The different types of payment that iii offers artists for artistic work are for doing a residency (with a production budget), giving (and developing) a workshop, presenting the work they’ve produced at a performance evening or in an exhibition, and curating one or more events or an exhibition. The two guidelines mentioned are not always applicable in these cases. The guidelines can be further supplemented in the field of ‘new’ media (electronic/digital/interactive work), for the development and execution of original work (performance). Dividing development (residency with production budget) and presentation (as performance or exhibition) would also provide more insight into fair payment for this work.



There is also not yet full transparency about payment. In the field, there is still little openness about how much an artist gets for a presentation: different artists who present work at the same festival don’t know what the others are earning for their presentations. Also, it is often not known what artists who previously presented something at the same organisation received for their work, or what the total budget is for an event. Annual reports offer little insight into the remuneration of individual artists. Perhaps the additional costs cannot even be calculated correctly until we have transparency about what fees should now be used as a basis for a good discussion about what should be done differently until we have good guidelines for every art discipline and context that can serve as a benchmark.

But this transparency is exactly what is needed to implement the Fair Practice Code. Especially now, it’s important to show what organisations are doing to bring artists’ pay up to a fair level – a level that suits the central role of the artist in a vibrant and lively arts sector. Moreover, institutions can indicate what they will change in their budgeting for artists’ pay for the coming subsidy period compared to the previous period. How much will the remuneration per artist for different activities be increased compared to previous years? How many activities and artists will be included in the programme?

We must also strive to create a clear picture of the additional costs for artists’ pay, because it is precisely the artists who are at a disadvantage in negotiations, are the last in line when it comes to budgeting, and have the lowest incomes in the cultural sector. I therefore argue for making artists’ fees a higher priority, and to put them in the spotlight individually as the first question and to calculate the additional costs they incur.


More than additional costs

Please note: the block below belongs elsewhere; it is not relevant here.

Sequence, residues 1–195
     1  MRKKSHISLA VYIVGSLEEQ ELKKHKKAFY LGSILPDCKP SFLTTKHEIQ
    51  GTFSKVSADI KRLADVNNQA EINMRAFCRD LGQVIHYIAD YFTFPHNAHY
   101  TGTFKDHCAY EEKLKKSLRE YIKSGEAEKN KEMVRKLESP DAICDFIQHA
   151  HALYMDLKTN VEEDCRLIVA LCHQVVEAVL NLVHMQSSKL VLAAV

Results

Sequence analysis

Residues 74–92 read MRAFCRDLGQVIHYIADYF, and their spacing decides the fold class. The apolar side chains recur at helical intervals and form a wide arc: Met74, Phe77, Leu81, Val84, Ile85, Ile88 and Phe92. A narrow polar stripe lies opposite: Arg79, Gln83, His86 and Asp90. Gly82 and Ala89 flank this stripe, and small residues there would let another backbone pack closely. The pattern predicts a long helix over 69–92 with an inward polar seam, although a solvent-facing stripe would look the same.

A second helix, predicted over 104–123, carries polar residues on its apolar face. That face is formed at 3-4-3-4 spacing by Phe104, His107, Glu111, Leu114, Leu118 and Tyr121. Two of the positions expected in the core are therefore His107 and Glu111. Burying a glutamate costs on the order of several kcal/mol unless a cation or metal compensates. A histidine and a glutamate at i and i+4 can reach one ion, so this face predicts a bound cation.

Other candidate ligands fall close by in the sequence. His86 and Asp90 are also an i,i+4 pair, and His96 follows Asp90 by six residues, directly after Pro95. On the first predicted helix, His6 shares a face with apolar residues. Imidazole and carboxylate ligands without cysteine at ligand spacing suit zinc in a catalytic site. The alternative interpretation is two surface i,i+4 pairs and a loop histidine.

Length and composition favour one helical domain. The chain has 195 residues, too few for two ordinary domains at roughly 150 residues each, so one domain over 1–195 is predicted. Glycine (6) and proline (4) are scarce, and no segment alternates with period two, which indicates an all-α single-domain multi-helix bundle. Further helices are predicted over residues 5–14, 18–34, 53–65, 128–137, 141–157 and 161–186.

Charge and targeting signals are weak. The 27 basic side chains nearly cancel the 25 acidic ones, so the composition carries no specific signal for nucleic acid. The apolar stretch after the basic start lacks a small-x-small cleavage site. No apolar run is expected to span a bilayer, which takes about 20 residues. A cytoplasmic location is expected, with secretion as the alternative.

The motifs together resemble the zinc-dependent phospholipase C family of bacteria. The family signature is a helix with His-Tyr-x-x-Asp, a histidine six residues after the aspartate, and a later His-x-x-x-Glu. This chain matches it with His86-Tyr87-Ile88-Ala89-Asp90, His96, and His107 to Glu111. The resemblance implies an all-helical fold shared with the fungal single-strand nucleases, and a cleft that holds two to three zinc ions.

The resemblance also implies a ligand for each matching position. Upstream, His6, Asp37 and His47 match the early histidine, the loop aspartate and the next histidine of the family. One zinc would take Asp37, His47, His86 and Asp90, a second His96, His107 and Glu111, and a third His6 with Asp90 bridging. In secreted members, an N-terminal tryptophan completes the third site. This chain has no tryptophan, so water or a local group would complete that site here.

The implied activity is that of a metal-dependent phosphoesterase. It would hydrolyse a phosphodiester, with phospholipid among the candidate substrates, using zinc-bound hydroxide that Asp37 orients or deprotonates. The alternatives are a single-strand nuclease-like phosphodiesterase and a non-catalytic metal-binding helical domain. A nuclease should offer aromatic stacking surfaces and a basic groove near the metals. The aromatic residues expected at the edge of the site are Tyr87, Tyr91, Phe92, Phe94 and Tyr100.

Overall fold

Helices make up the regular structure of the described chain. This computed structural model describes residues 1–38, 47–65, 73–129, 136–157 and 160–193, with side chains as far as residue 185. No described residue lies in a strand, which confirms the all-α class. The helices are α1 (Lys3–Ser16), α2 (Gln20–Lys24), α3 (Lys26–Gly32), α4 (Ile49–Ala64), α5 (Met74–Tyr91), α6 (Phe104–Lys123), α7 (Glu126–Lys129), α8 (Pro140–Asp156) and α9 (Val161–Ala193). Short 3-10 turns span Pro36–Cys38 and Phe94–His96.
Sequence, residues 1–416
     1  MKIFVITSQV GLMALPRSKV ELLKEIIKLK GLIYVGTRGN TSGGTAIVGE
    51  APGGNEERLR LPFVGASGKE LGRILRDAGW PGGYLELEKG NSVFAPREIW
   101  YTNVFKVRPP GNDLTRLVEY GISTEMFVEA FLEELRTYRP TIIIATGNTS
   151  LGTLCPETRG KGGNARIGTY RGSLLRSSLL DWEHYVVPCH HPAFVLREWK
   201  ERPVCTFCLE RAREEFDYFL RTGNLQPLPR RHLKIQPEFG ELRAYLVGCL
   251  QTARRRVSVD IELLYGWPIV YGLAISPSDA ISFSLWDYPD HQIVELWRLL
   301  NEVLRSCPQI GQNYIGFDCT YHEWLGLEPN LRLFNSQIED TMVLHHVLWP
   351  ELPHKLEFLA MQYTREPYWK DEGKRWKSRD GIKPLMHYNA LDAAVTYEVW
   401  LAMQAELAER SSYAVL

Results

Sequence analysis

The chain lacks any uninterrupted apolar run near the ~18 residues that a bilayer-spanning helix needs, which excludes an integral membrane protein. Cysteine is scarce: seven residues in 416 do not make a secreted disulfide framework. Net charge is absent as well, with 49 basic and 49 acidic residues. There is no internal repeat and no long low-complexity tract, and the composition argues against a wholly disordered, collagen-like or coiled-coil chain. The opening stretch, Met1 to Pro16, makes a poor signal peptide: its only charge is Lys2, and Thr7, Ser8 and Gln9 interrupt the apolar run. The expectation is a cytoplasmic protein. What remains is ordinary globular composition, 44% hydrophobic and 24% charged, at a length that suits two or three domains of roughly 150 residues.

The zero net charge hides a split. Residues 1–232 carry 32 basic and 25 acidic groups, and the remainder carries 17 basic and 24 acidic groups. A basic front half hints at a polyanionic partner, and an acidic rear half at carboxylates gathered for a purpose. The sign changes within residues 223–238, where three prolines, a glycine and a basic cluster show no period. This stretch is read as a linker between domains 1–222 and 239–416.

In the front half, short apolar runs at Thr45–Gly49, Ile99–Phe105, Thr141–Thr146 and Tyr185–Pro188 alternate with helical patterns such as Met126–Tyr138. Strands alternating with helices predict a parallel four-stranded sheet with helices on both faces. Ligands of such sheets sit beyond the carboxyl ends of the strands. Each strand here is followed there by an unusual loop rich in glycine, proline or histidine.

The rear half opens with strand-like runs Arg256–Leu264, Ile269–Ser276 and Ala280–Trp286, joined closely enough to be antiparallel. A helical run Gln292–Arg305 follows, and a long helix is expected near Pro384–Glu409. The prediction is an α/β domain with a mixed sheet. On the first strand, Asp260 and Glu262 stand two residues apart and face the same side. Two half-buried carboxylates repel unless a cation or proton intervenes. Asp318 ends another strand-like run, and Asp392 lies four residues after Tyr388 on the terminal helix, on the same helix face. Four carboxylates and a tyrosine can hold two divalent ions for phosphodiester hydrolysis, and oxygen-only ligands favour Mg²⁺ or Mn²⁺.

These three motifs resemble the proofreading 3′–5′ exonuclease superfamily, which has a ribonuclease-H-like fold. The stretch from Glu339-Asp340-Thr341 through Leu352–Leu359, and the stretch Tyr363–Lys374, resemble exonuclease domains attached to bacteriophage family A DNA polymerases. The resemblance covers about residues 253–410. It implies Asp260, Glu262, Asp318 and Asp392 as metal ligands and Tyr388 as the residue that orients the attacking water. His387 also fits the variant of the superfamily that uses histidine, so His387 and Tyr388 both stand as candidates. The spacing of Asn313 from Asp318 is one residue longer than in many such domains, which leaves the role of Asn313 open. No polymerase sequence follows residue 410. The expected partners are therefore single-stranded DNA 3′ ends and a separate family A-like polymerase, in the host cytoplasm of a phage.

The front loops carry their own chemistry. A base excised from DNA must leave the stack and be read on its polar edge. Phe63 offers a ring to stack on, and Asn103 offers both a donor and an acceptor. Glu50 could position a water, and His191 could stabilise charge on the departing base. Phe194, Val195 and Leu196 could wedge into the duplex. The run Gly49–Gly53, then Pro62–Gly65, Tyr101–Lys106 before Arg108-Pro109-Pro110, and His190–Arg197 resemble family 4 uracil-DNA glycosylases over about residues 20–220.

It is important to emphasise that the Fair Practice Code is about more than the (additional) costs of remuneration in accordance with the applicable collective labour agreements or guidelines. It is also about transparency, trust, diversity, and solidarity. In my opinion this question of solidarity is one that can be translated into fair distribution. What percentage of the art budget in the Netherlands actually ends up in the hands of actively practising artists? This is the question that I feel is missing in the subsidy form and about which I would like to have transparency. Thus, in addition to the question of whether every worker in the sector is paid fairly, there is also the question of fair distribution.

I already know all too well that this is a difficult question because it raises a painful issue in the sector. Many institutions have been barely keeping their heads above water for a number of years. After the budget cuts initiated by Halbe Zijstra (Secretary of State for Culture) in 2011 – which were reinforced by the provincial and municipal governments in equal measure – institutions have scaled down their personnel costs, have fired employees, and have started to hire more flexible labour. Many institutions were able to survive, but did not have sufficient budgets to pay artists a decent amount to present their work, let alone produce it.[ii] Whereas permanent salaried employees who had been dismissed could temporarily rely on unemployment benefits, the safety net for artists in form of the WWIK (Artists’ Work and Income Law) was already slashed by Rutte’s first government in 2011. Nevertheless, artists continued passionately slogging through for too little pay.

To achieve transparency in the issue of distribution, it is necessary to highlight artists’ pay in calculating the additional costs. That is why I look closely at the studies that have been carried out in all art sectors for the implementation of the Fair Practice Code to determine whether payment for artists has indeed been included. Otherwise we run the risk that governments’ embrace of the Fair Practice Code will ensure that payment for artists will again be relegated to the end of the line when it comes to budgeting, and that the code will therefore have an adverse effect.


The position of the artist